Swallow Fork Ranch & Caretaker Trail

I first met Angelo and Karin Theos at a Colorado Wool Growers meeting.  Their generous manner and inclusive spirit made me feel instantly at home in a crowd of strangers.  The next day I met their son, Anthony, and learned about their family business,   Theos Swallow Fork Ranch.  Five generations-deep, the ranch is strong and well for one reason:  they are visionary caretakers.  They care for each other, the land, their herders, and especially their sheep, all with an eye to the future.

In August of 2019, Nicole and I spent the day with Angelo and Anthony on their ranch.  There was something sacred about being on that ground.  Generations of shepherds toiled to make it what it was, what it is, and what it will be.  We were honored to hear just a little of their story

Angelo began by telling us about his Grandad. Coming from Greece to the United States in the late 1800s, his Grandad went to the coal mines in Helper, Utah.  Knowing sheep, he worked hard to save, pooled some money with friends, and bought a flock.  They moved the animals on the open range, attentively, tirelessly.  Slowly but surely, they built up a healthy and profitable sheep business - something tricky to do in the midst of the Sheep & Cattle Wars.

Years went by and the ranch grew.  At one point there were 40 families on 3 ranches.  The Homestead Act had allowed for people to claim land and “prove up.”  As family members decided their futures were elsewhere, the Theos family bought their land.  Over time the ranch expanded to 15,000 acres.

In the 1950’s Angelo’s dad and uncles took over operations.  A couple of decades later, Angelo returned home from college with a vision to make some changes. 

In 1975, Merino sheep were introduced onto the Theos Swallow Fork Ranch.  Angelo had been taught that when it came to raising sheep you had a choice:  lambs or fleece.  You can’t have both.  Thirty years of intention, dedication, and determination have proven that conventional wisdom wrong.  They do indeed have both:  vigorous, robust lambs and gorgeous, healthy wool.

Anthony picked up the story from here.  After graduating college in Grand Junction, he decided the ranch was the place he most wanted to be.  It was a hard time to return - 2002-2003 was the driest year on record.   Being there, full-time, all-in, Anthony saw ALL the ups and downs.   

 As they tell us their story, father and son joke affectionately about the hardships of that season.  It is clear that their friendship is strong and they deeply respect each other.   

“Me and dad work really well together…most of the time.” 

Recently returned to the ranch is Brady, Angelo’s nephew.  Anthony describes how they grew up around the place and each went off to school.  “It’s a special place,” he shares almost reverently.  “If it’s IN you and you want to make it a part of you - you are welcome.” These three men, working in concert together, are much more than the sum of their individual strengths.  Generational wisdom, collaboration, and dedication thrive on this hallowed ground.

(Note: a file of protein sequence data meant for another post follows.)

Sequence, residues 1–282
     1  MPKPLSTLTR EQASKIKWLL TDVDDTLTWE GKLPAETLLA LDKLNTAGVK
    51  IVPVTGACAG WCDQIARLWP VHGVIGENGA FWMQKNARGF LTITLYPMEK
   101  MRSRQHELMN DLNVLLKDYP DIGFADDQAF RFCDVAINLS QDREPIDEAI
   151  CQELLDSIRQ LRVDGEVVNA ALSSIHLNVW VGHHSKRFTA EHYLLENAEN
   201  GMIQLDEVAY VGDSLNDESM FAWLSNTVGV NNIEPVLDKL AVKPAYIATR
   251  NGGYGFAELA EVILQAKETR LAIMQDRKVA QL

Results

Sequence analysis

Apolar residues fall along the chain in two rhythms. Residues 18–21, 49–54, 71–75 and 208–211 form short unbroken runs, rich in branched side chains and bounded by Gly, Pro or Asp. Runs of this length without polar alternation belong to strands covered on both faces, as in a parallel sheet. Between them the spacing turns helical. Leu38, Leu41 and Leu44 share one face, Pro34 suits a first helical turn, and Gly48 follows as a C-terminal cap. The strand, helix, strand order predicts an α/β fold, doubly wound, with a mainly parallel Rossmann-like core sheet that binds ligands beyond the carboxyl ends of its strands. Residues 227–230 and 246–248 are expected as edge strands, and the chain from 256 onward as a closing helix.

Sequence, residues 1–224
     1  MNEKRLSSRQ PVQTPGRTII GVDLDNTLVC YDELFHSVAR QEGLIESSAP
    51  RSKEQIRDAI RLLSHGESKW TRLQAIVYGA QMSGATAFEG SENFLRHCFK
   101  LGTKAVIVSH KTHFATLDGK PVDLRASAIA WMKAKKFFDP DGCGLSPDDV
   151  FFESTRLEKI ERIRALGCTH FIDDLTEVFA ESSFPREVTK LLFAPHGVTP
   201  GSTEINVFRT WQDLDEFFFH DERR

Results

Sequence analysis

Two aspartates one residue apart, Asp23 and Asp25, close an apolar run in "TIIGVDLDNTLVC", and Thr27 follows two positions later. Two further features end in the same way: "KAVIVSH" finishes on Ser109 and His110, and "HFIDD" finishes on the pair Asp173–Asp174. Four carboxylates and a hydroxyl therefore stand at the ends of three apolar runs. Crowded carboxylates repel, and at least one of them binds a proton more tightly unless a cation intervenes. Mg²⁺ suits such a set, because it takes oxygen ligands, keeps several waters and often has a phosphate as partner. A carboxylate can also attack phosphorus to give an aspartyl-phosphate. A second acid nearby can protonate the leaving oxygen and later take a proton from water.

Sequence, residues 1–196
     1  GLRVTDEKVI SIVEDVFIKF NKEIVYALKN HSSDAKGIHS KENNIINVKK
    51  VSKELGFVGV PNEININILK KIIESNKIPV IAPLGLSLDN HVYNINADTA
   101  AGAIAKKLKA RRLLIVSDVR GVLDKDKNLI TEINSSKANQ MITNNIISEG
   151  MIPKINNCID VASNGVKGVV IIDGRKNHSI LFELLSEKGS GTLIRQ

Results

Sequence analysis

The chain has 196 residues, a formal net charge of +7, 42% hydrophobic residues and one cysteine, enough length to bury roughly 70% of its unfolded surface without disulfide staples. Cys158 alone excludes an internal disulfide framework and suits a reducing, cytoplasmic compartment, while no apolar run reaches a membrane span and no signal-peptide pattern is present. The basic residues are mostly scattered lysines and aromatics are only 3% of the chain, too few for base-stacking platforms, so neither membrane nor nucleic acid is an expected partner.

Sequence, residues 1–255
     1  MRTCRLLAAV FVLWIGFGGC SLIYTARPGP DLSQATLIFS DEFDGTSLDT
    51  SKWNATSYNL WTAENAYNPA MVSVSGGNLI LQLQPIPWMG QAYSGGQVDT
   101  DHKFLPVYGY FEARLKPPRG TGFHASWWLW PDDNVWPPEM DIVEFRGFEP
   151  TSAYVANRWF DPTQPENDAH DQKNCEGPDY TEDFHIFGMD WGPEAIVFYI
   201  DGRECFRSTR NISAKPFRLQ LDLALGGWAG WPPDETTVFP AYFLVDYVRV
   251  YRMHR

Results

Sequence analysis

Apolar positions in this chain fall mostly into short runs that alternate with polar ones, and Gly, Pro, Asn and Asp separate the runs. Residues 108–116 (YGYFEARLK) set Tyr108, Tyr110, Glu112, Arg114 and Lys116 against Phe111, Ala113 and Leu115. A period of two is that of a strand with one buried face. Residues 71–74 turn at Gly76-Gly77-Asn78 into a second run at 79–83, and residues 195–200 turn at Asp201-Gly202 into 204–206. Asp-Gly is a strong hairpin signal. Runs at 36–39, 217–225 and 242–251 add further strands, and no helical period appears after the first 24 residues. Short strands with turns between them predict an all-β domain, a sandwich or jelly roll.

“And it takes a village,” Anthony adds.  “My wife, my sister, my mom - they do so much.  It takes EVERYONE to make it work.”

A theme throughout our conversation is change.  Visionary leadership and forward thinking.  “It’s an old industry but a changing industry - when you see something that needs to change, you change it!”  Four generations have worked to ensure that it would survive, and the fifth is right around the corner.

There are so many impressive things about this operation.  One value that rises to the top is the perfect balance they have achieved in stewarding the land and shepherding their flock.  “We manage for the dry years,” Angelo explains.  They keep the sheep constantly moving, never over-grazing, thriving in their natural element.  Numbers are kept manageable and predictable, utilizing the country in a sustainable way.

Theos Swallow Fork Ranch, as a supplier of lamb to Whole Foods, is committed to rigorous standards of excellence in animal husbandry.  They have participated in the GAP (Global Animal Partnership) audit resulting in a rating of 4 - quite a stellar accomplishment.  As audits eventually become industry standard, their practices place them well ahead of the curve.

Twice each year they trail their sheep from winter pasture on the Utah/Colorado state line, all the way into the high country and then back again.  This ovine parade is no picnic.  With a pilot car to signal the need for patience and care, the family and their venerated herders ride horseback the two weeks it takes to safely move their beloved sheep to greener pastures.

We are honored to be working with the Theos Swallow Fork Ranch and count it a privilege to offer their family’s visionary Merino wool to you.  We look forward to telling you more about the Theos and their exemplary operation. 

June 15, 2020 — Jennifer Guyor

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